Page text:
Abstinence-only education teaches students that they must say no to sexual activity until they are married. This approach does not teach students anything about how to protect themselves from STDs and HIV, or how pregnancy occurs and how to prevent it, and teaches about homosexuality and masturbation only as far as to say they are wrong. Those who favour this method of education claim that teaching young people about sex will make them want to try it - thus increasing their risk of contracting HIV, amongst other things.

Abstinence plus or Comprehensive sex education teaches about sexual abstinence until marriage, and teaches that it is one way of protecting yourself from HIV transmission, STDs and unwanted pregnancy. It also teaches that there are other ways of preventing these things, such as condom use. People who favour this approach take the perspective that young people should be taught to remain sexually abstinent until marriage, but that there will always be some who won't - and that they must be provided with the information to enable them to protect themselves.

There has been debate for many years over which form of sex education is most effective in terms of preventing underage sex, unwanted pregnancy and STD and HIV transmission.  But a recent study22 in President Bush's home state of Texas found that students who have abstinence-only education are just as likely to have sex as their comprehensively-educated peers.

AIDS education and adults

Of the annual 40,000 new HIV infections in the USA, it has been estimated that around half occur in people aged under 25 years old.23 This means that whilst young people might be an easier target for AIDS education, they are certainly not the only age-group at risk of infection.

Federal AIDS education in America, however, focuses almost exclusively on young people, where it exists at all.  Adults are assumed by the government to already know about HIV transmission risks, and how to avoid them. Some federal money is spent on providing abstinence-only AIDS education to young unmarried adults, but in recent years there has been virtually no adult HIV education strategy, despite the obvious evidence that adults continue to become infected. What has been done has occurred at a state level, and adults receive their information primarily from either the media or from the church, which can sometimes emphasise ideology over scientific fact.

AIDS education and HIV+ people

HIV+ people are sometimes overlooked by AIDS education planners, but they can benefit greatly from effective education strategies. AIDS education with HIV+ people aims to:

  • help them to cope with the knowledge that they are HIV+
  • inform them about the nature of HIV and AIDS
  • enable them to have a safe and active sex life, if they wish to
  • ensure that their infection isn't passed on by any other means
  • enable them to lead full and healthy lives
  • empower them to confront discrimination where it occurs.

The USA has recently increased its focus on positive people as a target for HIV prevention strategies, and is currently trying to encourage as many people as possible to be tested for HIV. The idea to find people already living with HIV and help them to avoid infecting others. AVERT.org has a seperate page about this strategy and other issues related to HIV testing in the USA, as well as a page discussing the CDC's Advancing HIV Prevention initiative and its impact on America's HIV prevention efforts.

Mother-to-child transmission

This is one area in which the US has responded very well to the HIV epidemic. The CDC reports that through 2004 there have been a cumulative 8,779 cases of AIDS in children under 13 years that occurred because of HIV infection during pregnancy, birth or breastfeeding. However, annual numbers have fallen dramatically in recent years, and in 2004 only 47 cases of AIDS were reported in children infected by their mothers. The chance that HIV infection is transmitted from a mother who is HIV+ to her child during pregnancy can be reduced to below 2 percent if the correct antiretroviral medication is administered. This, of course, can only happen if the mother knows she is infected.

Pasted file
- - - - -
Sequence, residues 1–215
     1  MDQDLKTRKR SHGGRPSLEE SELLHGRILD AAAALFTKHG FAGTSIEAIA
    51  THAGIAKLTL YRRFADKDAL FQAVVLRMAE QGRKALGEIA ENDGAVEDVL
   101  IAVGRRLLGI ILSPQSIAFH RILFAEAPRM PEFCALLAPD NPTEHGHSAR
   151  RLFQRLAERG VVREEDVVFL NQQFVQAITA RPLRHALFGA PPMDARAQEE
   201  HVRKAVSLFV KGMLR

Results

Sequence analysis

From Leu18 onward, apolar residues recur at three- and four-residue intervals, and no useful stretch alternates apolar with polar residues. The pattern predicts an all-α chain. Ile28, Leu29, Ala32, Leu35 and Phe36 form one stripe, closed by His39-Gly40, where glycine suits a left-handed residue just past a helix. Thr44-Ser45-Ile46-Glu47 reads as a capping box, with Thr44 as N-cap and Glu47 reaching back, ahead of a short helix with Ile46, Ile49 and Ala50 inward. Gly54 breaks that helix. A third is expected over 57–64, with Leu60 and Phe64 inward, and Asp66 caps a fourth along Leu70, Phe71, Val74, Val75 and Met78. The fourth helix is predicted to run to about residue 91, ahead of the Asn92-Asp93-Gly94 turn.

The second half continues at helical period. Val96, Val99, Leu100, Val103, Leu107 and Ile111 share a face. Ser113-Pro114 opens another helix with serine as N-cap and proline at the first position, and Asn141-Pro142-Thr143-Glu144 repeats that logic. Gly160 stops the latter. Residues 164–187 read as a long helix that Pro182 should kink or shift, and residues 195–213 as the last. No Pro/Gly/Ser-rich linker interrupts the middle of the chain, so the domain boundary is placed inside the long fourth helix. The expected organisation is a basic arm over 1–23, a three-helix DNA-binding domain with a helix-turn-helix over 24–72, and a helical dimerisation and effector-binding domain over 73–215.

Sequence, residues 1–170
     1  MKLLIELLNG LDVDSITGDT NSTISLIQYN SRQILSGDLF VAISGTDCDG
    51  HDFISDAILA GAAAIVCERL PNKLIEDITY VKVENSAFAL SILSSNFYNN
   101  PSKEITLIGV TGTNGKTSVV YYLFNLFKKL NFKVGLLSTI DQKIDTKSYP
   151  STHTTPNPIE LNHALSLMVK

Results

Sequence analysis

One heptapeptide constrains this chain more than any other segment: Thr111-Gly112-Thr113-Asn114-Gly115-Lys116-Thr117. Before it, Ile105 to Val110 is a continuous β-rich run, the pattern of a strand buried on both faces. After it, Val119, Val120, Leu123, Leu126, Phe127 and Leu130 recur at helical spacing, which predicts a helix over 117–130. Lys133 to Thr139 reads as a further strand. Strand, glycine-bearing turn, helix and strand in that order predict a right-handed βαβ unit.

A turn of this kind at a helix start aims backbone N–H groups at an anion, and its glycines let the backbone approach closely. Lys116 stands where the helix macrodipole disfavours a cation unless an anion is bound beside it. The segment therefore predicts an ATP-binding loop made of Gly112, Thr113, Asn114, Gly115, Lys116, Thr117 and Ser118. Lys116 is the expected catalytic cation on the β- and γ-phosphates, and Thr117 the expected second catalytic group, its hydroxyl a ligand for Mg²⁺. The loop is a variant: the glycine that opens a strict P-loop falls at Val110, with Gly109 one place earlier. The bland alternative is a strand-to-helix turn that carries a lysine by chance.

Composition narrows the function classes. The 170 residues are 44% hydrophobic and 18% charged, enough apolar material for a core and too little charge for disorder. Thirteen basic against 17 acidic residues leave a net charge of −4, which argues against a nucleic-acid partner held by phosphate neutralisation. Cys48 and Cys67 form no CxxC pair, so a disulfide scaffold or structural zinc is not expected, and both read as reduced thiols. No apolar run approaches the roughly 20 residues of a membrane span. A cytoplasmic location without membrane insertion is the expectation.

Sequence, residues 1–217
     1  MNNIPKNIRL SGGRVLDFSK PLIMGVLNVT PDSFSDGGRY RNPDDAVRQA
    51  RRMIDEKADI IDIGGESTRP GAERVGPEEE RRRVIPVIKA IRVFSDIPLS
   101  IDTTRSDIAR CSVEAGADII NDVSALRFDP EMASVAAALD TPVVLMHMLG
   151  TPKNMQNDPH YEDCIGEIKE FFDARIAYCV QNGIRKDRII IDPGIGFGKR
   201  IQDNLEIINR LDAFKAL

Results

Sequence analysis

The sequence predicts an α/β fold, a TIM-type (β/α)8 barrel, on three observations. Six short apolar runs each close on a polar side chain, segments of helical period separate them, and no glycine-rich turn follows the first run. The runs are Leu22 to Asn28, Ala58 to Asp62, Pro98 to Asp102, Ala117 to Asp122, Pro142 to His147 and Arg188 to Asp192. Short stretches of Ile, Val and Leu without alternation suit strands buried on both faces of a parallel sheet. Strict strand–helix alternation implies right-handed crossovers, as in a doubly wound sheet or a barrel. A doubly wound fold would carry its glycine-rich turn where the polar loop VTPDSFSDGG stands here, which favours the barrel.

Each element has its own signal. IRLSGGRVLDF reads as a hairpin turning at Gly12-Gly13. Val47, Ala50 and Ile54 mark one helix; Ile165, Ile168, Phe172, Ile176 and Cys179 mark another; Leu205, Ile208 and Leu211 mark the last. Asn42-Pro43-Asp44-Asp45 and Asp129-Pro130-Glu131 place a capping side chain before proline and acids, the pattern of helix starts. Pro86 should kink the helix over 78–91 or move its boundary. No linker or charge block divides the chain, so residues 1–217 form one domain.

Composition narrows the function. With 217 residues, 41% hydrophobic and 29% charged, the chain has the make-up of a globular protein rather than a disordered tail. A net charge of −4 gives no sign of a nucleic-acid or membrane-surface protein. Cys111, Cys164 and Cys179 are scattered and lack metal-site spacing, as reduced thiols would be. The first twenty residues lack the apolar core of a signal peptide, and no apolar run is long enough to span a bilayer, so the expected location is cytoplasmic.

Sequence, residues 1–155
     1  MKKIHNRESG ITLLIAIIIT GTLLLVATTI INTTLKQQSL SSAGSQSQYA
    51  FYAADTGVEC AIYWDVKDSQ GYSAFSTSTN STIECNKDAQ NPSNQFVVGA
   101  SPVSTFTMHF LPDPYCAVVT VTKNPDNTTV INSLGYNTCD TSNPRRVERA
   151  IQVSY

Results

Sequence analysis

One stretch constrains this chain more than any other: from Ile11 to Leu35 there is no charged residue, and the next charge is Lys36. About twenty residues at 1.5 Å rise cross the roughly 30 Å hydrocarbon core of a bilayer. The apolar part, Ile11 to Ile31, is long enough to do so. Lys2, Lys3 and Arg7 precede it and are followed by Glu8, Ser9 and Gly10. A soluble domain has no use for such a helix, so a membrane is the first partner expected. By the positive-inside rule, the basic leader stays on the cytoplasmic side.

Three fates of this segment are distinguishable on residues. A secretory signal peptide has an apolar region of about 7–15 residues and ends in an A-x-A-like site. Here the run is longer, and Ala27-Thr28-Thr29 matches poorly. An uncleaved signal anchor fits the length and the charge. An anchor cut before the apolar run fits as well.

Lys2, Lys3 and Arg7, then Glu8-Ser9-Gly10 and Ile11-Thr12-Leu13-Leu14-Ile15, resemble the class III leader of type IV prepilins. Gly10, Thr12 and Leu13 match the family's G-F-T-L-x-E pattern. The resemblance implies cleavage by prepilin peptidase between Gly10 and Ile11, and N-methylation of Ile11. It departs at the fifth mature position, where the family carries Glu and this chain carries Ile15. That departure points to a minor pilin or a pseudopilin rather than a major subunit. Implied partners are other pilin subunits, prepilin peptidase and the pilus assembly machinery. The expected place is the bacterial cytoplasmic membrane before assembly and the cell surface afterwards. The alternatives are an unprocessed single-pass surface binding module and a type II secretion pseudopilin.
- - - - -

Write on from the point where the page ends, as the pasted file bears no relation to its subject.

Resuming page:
The CDC recommends an 'opt out' approach to the testing of pregnant women. This means that an HIV test is offered to a woman among the standard prenatal tests, but she has a right to refuse it if she wishes.24 If she does refuse, however, she might be considered to be putting the health of her unborn baby at risk, so the majority of women agree to take the test. Thanks to this prenatal screening programme, mother-to-child transmission of HIV in America has almost been eliminated.

What else is needed to prevent HIV transmission?

Education is a major component of AIDS prevention, but there are other things which must be done if HIV transmission is to be prevented. The first step in enabling people to protect themselves from HIV infection is giving them the information they need to be aware of the risks, and to know how to prevent transmission from occurring. This is only the first step, however - they then need the resources to put this information to practical use. In the same way that there is no point in telling a motorcyclist to wear a crash helmet if they can't then buy one in a shop, there is no point in teaching people how to prevent HIV transmission if they are not given the tools they need to make use of this knowledge.

Condoms

Studies indicate that simply planning to abstain from sex until marriage doesn't necessarily help to reduce the likelihood of STD infection or pregnancy. This is because many people planning on abstaining until marriage lack the knowledge needed to protect themselves if an unexpected sexual encounter does take place.25

The United States has been criticised for substituting 'abstinence until marriage' programs for science-based HIV prevention strategies that include information about correct and consistent condom use. The U.S. Global AIDS Coordinator Randall Tobias has responded by saying that the US HIV prevention message could be characterised as 'ABC', which stands for Abstain, Be faithful, use Condoms, in that order.26 However, he has also commented that "statistics show that condoms really have not been very effective".27